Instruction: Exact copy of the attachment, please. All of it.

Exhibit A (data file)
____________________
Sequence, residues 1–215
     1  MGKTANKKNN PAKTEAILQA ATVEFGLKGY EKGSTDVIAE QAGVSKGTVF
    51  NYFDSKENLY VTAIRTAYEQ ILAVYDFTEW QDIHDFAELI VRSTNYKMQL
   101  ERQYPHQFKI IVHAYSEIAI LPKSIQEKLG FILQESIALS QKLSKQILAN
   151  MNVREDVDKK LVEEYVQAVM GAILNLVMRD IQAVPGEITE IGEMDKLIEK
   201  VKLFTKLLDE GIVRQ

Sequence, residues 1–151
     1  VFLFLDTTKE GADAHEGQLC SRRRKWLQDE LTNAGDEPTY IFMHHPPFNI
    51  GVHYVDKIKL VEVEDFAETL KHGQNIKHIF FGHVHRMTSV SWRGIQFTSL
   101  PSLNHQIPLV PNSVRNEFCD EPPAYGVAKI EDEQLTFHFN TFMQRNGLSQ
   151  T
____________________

Sequence, residues 1–215
     1  MGKTANKKNN PAKTEAILQA ATVEFGLKGY EKGSTDVIAE QAGVSKGTVF
    51  NYFDSKENLY VTAIRTAYEQ ILAVYDFTEW QDIHDFAELI VRSTNYKMQL
   101  ERQYPHQFKI IVHAYSEIAI LPKSIQEKLG FILQESIALS QKLSKQILAN
   151  MNVREDVDKK LVEEYVQAVM GAILNLVMRD IQAVPGEITE IGEMDKLIEK
   201  VKLFTKLLDE GIVRQ

Sequence, residues 1–151
     1  VFLFLDTTKE GADAHEGQLC SRRRKWLQDE LTNAGDEPTY IFMHHPPFNI
    51  GVHYVDKIKL VEVEDFAETL KHGQNIKHIF FGHVHRMTSV SWRGIQFTSL
   101  PSLNHQIPLV PNSVRNEFCD EPPAYGVAKI EDEQLTFHFN TFMQRNGLSQ
   151  T